Delegates returned to their seats in the afternoon for further presentations and insights including those from Shaun Rowley, director of national expansion at Capital One, who spoke about the new Capital One Cafés across the pond. The idea of the Capital One Cafés, Rowley explained, was to “focus on relationships rather than products” and to provide “a more relaxing space” for customers to talk about their finances with ‘Capital One Ambassadors’.
Taking to the stage once again, following his appearance on the panel, Roman Truhlár talked about his Czech startup, Air Bank – a digitally focused firm but, unlike Monzo and Starling Bank, one with a small number of branches as well. Truhlár and Air Bank have taken a new and quite radical approach to banking by “replacing don’ts with dos”. He explained that this meant, for example, encouraging dog owners to come in to the branches with their pets as well as allowing people to eat and drink. Truhlár also announced that he preferred “if our branch assistants are from outside the banking industry”. Numerous other ways that Air Bank differed from the more traditional model were touched upon, including by providing just one product in each category – for example one credit card, one insurance product, etc.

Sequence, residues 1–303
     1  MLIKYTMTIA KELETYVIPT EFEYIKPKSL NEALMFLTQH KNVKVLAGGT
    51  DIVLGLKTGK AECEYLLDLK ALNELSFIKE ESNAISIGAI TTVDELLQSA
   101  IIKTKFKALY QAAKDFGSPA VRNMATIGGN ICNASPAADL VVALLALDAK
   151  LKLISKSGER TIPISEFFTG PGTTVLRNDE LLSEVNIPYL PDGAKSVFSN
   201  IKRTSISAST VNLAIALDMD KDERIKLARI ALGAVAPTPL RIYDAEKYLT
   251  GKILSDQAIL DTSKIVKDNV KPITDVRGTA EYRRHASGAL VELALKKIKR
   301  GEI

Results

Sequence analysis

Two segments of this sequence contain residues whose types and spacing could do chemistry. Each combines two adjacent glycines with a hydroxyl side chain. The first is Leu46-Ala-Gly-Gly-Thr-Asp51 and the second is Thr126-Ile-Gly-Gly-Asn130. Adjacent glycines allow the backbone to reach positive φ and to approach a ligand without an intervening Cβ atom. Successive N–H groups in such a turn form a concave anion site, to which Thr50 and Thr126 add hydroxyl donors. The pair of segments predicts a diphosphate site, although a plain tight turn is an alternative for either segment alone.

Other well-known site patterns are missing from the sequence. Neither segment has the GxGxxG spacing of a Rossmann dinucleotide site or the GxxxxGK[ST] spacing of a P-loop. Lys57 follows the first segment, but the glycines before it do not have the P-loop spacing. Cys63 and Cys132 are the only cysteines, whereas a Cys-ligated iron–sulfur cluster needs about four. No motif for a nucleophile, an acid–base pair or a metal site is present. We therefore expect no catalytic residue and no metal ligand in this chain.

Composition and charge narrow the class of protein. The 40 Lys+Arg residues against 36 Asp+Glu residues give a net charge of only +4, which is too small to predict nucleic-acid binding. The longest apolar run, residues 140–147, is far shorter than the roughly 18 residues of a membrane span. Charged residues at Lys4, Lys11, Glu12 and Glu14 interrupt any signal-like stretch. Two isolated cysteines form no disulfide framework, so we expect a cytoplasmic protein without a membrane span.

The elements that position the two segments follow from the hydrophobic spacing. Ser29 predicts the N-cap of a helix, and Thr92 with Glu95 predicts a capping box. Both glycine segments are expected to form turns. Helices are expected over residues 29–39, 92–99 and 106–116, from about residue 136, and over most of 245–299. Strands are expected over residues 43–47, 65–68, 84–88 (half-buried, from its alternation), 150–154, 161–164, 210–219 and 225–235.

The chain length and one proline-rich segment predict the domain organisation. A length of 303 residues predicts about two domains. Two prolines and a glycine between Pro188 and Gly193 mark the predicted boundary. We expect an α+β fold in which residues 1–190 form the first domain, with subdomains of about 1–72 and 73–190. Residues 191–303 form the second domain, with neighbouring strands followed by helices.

The need to be different, Truhlár explained, was because “other banks can always mimic our technology but never our customer experience”. This combined digital and branch approach was vitally important, he stressed, with 84 per cent of all new Air Bank customers coming via branches.
What was clear from the opening day of this year’s RBR Branch Transformation conference was that while some like Bates were sceptical about the need for branches in a future banking environment, advocates of a branch network at least agreed that the need to be more adaptable, adopt new technologies, develop new strategies and have a stronger connection with customers was of vital importance.